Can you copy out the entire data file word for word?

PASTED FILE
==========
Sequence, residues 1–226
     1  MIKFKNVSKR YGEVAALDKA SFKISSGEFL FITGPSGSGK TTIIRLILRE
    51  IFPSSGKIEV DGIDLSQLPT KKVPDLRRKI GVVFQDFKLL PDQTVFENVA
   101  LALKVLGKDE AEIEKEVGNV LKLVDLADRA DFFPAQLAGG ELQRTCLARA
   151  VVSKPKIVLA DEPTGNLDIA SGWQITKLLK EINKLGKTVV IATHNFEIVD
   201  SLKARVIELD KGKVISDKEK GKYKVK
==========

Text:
Sequence, residues 1–226
     1  MIKFKNVSKR YGEVAALDKA SFKISSGEFL FITGPSGSGK TTIIRLILRE
    51  IFPSSGKIEV DGIDLSQLPT KKVPDLRRKI GVVFQDFKLL PDQTVFENVA
   101  LALKVLGKDE AEIEKEVGNV LKLVDLADRA DFFPAQLAGG ELQRTCLARA
   151  VVSKPKIVLA DEPTGNLDIA SGWQITKLLK EINKLGKTVV IATHNFEIVD
   201  SLKARVIELD KGKVISDKEK GKYKVK